Rev. Rick Warren, who delivered the invocation at Barack Obama's inauguration on Tuesday, first marked Martin Luther King day at King's home church, Ebenezer Baptist in Atlanta. But Shaila Dewan's Tuesday story, "King Day in Atlanta: Protests Mix With Prayer - Rick Warren Talks Despite Criticism," focused not on Warren but on those protesting his opposition to gay marriage and abortion rights (without mentioning that Obama opposes gay marriage as well). Thestory featured a large photo of a protest outside the church on top of a smaller one of Warren making his speech inside.
Swarns got to the protest by the second paragraph:
The Rev. Rick Warren made an important stop here Monday on his way to Washington to deliver the invocation at the presidential inauguration: he gave the keynote address at the annual birthday service for the Rev. Dr. Martin Luther King Jr. at the church Dr. King called home, Ebenezer Baptist.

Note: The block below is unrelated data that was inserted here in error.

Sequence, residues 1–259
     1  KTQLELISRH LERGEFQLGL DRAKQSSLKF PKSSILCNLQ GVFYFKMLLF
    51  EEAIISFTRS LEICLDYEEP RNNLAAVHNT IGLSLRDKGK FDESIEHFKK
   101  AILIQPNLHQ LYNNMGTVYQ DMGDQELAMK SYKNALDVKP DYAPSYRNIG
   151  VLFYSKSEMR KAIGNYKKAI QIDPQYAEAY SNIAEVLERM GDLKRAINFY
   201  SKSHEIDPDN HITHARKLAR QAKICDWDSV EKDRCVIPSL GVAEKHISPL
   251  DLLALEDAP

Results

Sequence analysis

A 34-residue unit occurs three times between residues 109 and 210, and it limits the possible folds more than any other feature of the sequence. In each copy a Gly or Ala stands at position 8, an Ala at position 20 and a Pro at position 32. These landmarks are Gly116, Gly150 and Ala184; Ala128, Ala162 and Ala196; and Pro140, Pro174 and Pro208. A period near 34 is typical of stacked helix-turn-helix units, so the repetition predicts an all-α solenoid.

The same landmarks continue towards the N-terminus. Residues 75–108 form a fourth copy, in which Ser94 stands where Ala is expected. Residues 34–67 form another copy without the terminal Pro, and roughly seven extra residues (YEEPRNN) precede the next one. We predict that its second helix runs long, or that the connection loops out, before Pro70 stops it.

And just as Mr. Warren's part in the inauguration ceremony has been criticized because of his stands against same-sex marriage and abortion rights, demonstrators here denounced his prominent place on Monday's program.
Still, the sanctuary was filled to capacity and an overflow crowd watched on a giant screen outside as the church once again served as a de facto town hall for this largely African-American city celebrating Barack Obama's ascent to the presidency. Nearly every one of more than a dozen speakers mentioned Mr. Obama, to loud applause.
In a sign of the paper's obsession with social liberalism, eight of the story's17 paragraphs were devoted to the protestors:
About 100 protesters gathered outside with signs that read, "No bigotry in MLK's church" and "We still have a dream."
Craig Washington, who manages an AIDS prevention program, said, "We can agree to disagree, but we cannot build bridges by rewarding those who build walls to lock people out."
Several protesters said Mr. Warren's invitation to the inauguration, where the president-elect is striving for an image of national unity, was more palatable than his appearance at a service honoring Dr. King, whose message centered on tolerance.